Claudio Fuentes

Lecturer and Researcher. Bachelor of Philosophy. Master in Logic and Philosophy of Science. Doctor (c) in Logic and Philosophy of Science, USAL. Director of the Center for Argumentation and Reasoning Studies (CEAR) of the Faculty of Psychology of Universidad Diego Portales. His main line of research is situated cognition and from this perspective, he takes part in various research projects in areas such as music, argumentation, biology and architecture.

Michael Gurevich

Michael Gurevich is Assistant Professor of Performing Arts Technology at the University of Michigan’s School of Music, Theatre & Dance, where he teaches courses in physical computing and electronic music performance. His interdisciplinary research employs quantitative, qualitative, humanistic, and practice-based methods to explore the aesthetic and interactional possibilities that can emerge in performance with computer systems. Other research areas include networked music performance, bioacoustics, and the aesthetic and intellectual history of computer music. His creative practice explores many of the same themes, through experimental composition, sound installation, and interaction design. Prior to the University of Michigan, Professor Gurevich was a Lecturer at the Sonic Arts Research Centre (SARC) at Queen’s University Belfast, and a research scientist at the Institute for Infocomm Research in Singapore. He holds a Bachelor of Music from McGill and an M.A. and Ph.D. from the Center for Computer Research in Music and Acoustics (CCRMA) at Stanford, where he also completed a postdoc. Professor Gurevich is an author and editor in the New Interfaces for Musical Expression (NIME), computer music and human-computer interaction communities. He was Music Chair for the 2012 NIME conference in Ann Arbor, and is Vice-President for Membership of the International Computer Music Association.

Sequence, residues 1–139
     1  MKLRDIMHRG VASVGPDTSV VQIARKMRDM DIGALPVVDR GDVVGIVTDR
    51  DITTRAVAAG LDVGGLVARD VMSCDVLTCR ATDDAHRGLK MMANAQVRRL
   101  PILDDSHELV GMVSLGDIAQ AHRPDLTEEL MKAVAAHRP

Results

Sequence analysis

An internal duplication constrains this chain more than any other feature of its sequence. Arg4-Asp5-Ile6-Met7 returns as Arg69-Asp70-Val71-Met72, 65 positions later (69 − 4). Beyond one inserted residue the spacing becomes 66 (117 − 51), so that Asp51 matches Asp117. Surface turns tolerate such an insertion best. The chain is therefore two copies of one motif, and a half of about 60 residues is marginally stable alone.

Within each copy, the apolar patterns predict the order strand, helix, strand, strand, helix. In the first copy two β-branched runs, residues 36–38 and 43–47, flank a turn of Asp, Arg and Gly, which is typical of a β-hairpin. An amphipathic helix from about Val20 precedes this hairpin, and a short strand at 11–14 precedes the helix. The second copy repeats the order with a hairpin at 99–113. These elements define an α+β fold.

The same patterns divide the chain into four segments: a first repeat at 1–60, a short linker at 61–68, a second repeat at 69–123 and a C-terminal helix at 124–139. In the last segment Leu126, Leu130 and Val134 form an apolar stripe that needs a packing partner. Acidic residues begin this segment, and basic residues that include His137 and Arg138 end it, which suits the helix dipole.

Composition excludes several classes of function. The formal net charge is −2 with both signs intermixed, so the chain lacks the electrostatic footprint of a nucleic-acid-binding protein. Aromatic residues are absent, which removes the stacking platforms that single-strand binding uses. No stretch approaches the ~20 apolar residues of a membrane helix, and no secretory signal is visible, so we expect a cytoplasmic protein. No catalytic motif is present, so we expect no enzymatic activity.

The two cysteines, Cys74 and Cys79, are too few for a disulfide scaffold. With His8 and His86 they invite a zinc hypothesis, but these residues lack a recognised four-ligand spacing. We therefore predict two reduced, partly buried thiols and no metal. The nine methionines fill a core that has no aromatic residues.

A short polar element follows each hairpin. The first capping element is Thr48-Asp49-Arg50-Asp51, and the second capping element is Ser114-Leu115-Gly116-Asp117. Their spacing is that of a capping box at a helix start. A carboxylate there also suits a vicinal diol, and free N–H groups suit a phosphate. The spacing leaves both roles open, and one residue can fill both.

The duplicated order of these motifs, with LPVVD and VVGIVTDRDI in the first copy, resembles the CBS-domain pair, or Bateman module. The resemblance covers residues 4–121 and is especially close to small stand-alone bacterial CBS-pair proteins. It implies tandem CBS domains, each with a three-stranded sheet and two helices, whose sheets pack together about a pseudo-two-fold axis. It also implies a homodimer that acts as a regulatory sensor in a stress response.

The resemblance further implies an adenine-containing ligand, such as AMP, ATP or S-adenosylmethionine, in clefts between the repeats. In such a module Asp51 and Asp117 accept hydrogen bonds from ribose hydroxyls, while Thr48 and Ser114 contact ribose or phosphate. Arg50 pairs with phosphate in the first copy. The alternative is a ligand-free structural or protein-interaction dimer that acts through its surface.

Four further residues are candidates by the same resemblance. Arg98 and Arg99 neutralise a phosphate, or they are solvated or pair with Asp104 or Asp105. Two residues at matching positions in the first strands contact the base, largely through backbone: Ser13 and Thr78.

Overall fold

Javier Jaimovich